Hodgkin's-like lymphoma in a cat

A firm encapsulated, subcuticular mass was removed surgically in its entirety from the ventral neck of a 12-year-old domestic shorthair, male neutered cat.

Fig 1. The mass is a lymph node that is effaced by a mixed, pleomorphic population of lymphocytes essentially dominated by small lymphocytes.
Fig 2. Making up a small population of the mass are large cells that contain single round vesicular nuclei with large prominent single nucleoli (arrows).
Fig 3. Occasional cells contain large folded nuclei (arrow).
Fig 4. Scattered mitotic figures are identified within this minor cell population (arrow).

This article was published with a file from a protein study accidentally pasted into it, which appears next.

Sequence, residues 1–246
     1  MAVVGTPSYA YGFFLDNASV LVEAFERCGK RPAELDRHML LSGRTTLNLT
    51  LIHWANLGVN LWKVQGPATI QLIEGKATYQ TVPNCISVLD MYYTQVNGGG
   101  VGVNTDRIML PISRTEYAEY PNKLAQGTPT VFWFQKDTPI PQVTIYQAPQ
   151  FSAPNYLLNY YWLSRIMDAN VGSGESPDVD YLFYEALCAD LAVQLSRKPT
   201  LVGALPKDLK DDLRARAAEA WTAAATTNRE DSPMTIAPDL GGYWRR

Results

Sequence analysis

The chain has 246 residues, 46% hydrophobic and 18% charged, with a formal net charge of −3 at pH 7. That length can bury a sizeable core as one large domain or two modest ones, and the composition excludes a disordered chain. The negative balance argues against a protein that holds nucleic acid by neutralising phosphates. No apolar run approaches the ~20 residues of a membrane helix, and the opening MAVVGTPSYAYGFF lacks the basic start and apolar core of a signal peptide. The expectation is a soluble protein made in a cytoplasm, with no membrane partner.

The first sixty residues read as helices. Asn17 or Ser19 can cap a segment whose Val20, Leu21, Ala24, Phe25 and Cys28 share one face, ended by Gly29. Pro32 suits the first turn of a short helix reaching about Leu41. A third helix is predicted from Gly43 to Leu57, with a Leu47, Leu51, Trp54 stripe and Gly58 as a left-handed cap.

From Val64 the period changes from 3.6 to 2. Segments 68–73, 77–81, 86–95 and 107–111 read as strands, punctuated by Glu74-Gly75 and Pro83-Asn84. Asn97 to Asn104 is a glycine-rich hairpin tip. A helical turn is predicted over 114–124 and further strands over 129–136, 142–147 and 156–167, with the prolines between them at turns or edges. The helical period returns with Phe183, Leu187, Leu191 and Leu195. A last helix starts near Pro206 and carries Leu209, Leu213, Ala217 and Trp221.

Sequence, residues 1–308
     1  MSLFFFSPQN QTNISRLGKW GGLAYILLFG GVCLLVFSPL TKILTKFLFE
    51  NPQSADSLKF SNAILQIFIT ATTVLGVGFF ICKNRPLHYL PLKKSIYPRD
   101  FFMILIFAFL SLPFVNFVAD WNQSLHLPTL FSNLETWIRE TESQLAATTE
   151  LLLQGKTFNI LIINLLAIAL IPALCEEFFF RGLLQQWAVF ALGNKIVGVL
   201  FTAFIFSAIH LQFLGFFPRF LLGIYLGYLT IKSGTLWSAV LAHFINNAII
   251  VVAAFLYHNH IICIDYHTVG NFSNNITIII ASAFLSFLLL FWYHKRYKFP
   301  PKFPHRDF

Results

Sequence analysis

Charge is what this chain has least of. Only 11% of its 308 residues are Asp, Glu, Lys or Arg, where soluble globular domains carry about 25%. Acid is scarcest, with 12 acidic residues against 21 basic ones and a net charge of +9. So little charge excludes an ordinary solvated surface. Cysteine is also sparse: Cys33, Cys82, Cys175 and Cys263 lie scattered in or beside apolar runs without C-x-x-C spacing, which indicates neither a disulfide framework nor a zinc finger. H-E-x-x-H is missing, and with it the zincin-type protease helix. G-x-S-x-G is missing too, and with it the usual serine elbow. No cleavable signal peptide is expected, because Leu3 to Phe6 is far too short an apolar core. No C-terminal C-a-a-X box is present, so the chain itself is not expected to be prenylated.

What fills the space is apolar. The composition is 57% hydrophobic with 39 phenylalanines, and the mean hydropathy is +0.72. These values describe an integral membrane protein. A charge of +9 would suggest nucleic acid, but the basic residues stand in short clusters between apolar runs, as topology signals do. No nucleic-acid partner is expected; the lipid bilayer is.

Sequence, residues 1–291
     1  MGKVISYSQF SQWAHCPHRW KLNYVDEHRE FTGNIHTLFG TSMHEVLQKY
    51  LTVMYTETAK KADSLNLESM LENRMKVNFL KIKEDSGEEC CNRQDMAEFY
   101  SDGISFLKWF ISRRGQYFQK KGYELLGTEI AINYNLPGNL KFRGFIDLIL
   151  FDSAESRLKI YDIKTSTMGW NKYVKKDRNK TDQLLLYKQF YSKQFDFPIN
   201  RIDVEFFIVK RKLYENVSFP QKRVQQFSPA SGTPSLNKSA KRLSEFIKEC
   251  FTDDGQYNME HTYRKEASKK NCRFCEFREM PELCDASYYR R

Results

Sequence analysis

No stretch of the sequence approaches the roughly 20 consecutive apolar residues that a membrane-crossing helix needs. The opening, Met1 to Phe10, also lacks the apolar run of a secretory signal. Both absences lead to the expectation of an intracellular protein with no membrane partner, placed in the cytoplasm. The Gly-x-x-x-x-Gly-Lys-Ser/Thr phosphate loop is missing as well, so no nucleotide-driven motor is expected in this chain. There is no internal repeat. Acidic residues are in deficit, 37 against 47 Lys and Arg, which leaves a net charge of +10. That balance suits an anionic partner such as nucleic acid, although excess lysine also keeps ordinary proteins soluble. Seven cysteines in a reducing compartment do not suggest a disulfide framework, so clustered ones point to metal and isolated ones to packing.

Final Diagnosis



Histologically, this is consistent with a T cell-rich large B-cell lymphoma whereby the neoplastic cells make up a minor proportion of the lymphocyte population. In some cases, this can therefore make the diagnosis difficult on preliminary fine needle aspirates and small incisional/trucut biopsies. A typical presentation in cats is that of a single large lymph node in the cervical region (mandibular/neck location) that is firm but well-encapsulated and can therefore be removed in its entirety. Additional masses may occur in the same area as successive lymph nodes become involved over time. This bears some resemblance to Hodgkin's lymphoma in human patients and has acquired the name of so-called Hodgkin’s like lymphoma. This is a rare form of lymphoma in domestic animals and is typically associated with slow, low grade progression.